Isn't Dave King wonderful?
Doesn't he just keep us going with his recurring, tantalising statements about the fate of Rangers, and what he would like to do about it (except, that is, buy shares, a feat he has yet to achieve)?
I've met King on a number of occasions, so can vouch for his charm and courtesy. I've also made my views plain on his income tax convictions back in South Africa, so let's leave these aside for the moment. Instead, let's examine the long, sometimes eccentric, statement King issued this week, and the stir it has caused.
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Firstly, said King, he wants to lead "a fan-based group to acquire an influential shareholding in the club". Well, that's pretty good of him. Point of fact: right now the Rangers Supporters Trust are doing their damndest to get their BuyRangers campaign up and running, and are having some success. A separate initiative is also trying to make headway.
Right now it is estimated that perhaps as much as 13% of the equity in the reformed Rangers is owned by supporters. Whether you think the fan-ownership model is realistic or not, there is potential for it at Rangers. Strange, then, that King has not yet bought any of the new shares, either at the IPO or any time since.
King, bizarrely, believes Graham Wallace, the chief executive who is trying to mount a salvage job at Ibrox, should not - repeat, not - cut any running costs. "If we cut our costs to suit our current income we will remain a small club," he said.
Many Rangers supporters, even those feeling pretty disenchanted with the club's current situation, will find this an unfathomable position. Wallace wouldn't be doing his job if he did not seek ways to cut the cost-base of a business that was losing around £1m per month when he was parachuted in as Rangers' own Red Adair three months ago.
Is King being serious? That Wallace, in the here and now, should not cut Rangers' costs to align with income? This is strange stuff.
Next up, King's brazen claim that if Wallace does go ahead with cutting costs, it will allow Celtic to "shoot through 10 in a row and beyond, while we [Rangers] slug it out for the minor places . . ."
This is quite a prophecy from Mr King: here we are early in 2014 and he is telling us with some conviction what will be happening at the top of the Scottish game by the end of the 2021-22 season.
Celtic, may it be noted, are on two-in-a row, shortly to reach three. It seems alarmist to suggest that should Wallace or any other CEO tidy up Rangers' affairs it will condemn the club to not winning a top-flight title for at least another eight years. The evidence for this theory seems scant yet King has developed a bee in his bonnet about it.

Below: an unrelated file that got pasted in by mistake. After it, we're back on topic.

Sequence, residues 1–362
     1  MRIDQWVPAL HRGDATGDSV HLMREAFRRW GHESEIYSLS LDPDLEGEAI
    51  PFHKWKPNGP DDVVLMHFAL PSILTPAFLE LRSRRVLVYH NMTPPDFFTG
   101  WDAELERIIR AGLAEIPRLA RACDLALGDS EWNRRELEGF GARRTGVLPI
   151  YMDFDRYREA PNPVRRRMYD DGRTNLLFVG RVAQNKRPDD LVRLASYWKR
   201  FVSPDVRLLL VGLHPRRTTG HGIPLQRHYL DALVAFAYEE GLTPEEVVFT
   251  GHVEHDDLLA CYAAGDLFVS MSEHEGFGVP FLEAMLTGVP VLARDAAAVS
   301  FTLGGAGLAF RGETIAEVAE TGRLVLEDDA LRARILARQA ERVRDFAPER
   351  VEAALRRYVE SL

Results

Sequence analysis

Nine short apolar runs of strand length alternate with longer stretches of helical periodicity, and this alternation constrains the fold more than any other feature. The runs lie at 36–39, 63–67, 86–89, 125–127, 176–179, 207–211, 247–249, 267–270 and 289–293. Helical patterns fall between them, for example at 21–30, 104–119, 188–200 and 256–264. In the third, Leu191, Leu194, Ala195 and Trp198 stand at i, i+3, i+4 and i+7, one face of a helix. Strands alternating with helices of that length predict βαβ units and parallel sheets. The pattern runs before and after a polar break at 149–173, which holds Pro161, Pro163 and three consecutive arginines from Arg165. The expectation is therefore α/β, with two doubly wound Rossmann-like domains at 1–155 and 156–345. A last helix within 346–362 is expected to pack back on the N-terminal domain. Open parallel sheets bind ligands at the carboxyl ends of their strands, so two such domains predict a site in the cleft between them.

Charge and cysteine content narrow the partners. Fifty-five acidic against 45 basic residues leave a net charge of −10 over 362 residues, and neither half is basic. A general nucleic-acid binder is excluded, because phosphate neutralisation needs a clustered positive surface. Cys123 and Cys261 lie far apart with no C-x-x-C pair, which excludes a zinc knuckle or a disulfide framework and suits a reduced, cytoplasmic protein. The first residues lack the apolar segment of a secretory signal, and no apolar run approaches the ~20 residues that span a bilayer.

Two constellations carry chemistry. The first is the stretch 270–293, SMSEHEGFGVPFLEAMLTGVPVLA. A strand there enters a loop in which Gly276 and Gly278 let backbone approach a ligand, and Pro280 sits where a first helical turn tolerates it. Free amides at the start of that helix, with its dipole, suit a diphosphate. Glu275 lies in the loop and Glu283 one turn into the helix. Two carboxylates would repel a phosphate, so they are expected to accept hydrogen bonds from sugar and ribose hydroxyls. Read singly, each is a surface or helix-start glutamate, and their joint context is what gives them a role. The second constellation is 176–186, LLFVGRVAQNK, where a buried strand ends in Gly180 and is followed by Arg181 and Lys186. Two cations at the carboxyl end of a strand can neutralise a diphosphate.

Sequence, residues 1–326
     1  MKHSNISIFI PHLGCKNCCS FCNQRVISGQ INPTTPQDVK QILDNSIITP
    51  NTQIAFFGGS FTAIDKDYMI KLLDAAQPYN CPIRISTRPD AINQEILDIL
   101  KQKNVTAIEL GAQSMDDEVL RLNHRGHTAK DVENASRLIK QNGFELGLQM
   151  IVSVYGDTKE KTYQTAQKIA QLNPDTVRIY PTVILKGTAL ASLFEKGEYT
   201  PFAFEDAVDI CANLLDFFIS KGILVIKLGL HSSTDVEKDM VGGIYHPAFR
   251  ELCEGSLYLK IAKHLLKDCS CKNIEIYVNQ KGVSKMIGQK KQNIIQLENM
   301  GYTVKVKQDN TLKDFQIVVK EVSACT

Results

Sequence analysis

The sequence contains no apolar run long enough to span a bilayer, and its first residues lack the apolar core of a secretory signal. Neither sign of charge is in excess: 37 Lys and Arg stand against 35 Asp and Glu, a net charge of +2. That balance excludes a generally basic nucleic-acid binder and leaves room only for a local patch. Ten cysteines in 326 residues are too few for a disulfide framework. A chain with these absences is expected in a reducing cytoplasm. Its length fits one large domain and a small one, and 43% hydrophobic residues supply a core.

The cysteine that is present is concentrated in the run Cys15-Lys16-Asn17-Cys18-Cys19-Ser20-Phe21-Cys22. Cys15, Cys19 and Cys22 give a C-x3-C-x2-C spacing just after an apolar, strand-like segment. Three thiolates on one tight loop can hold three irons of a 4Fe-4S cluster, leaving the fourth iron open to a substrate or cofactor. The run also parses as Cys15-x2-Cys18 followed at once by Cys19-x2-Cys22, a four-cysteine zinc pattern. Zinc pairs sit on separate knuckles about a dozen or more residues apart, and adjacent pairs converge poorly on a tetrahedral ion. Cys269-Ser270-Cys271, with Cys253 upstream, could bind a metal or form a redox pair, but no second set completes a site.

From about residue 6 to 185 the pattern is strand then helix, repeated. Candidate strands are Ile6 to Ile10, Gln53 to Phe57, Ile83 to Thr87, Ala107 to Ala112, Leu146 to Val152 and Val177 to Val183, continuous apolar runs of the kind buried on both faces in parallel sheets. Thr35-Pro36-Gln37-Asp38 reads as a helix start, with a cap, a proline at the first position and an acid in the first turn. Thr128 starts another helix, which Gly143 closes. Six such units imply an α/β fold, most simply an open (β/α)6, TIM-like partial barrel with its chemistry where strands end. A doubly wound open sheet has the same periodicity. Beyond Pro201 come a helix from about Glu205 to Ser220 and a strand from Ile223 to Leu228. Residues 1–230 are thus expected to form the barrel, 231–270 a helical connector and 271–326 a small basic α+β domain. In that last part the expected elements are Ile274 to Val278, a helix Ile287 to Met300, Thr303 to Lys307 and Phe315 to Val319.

Then there is the thorny issue of season-tickets bargaining, which was at the core of King's latest statement. There is no doubt that withholding or diverting season book income could give Rangers fans significant power, and King wants an independent trust established, into which the fans' monies can flow, to be released on a "pay as they play" basis. Many Rangers supporters will feel unease at this. King's plan, for sure, is not a straight "boycott", but it threatens to be one, and it holds the Rangers board over a barrel with certain demands being made.
It is quite an irony that while King has expressed his concern at Celtic romping to 10 in a row, there is probably nothing that could cause Rangers more medium-term damage than the disruption of the flow of much-needed income from season-ticket sales this summer.
Wallace's appointment last November was applauded in many football circles with, it seems, some justification. He comes over as a straight, reliable, honest executive who is determined to fix Rangers from within. It was telling that, amid many Rangers fans once more getting excited at the sound of King's perennial voice, Wallace came right out and played with a pretty straight bat himself on Thursday , though much of what he said got buried. "We are putting in place a business structure to protect and develop Rangers [and] we are well on track to building a club that is sustainable and delivering onfield success," he said.
Wallace, just like King, may be wise to be cautious about making predictions. Nonetheless, he has taken on a fearful task. People are baying at the Ibrox gates, but he does not appear to be cowering.
The weariness of the Rangers support is duly noted. They have been through the wringer over the past two years, and have twice seen their investments in the club reduced to dust: first, with the liquidation in 2012 and, more recently, with the IPO event and its subsequent dramas.
Many Rangers fans feel robbed of the ability to trust or "have faith". Many bought into Craig Whyte and Charles Green, only to turn their wrath on both these men. The IPO was lauded by many fans, who now hate the idea that a hedge-fund such as Laxey Partners can be a significant player at Ibrox. Everyone is now spinning with distrust and confusion.
King, without doubt, remains a key figure in the future fate of Rangers but not far behind him on that list of notables is Wallace, whose ability to deliver - and even survive - will also be telling.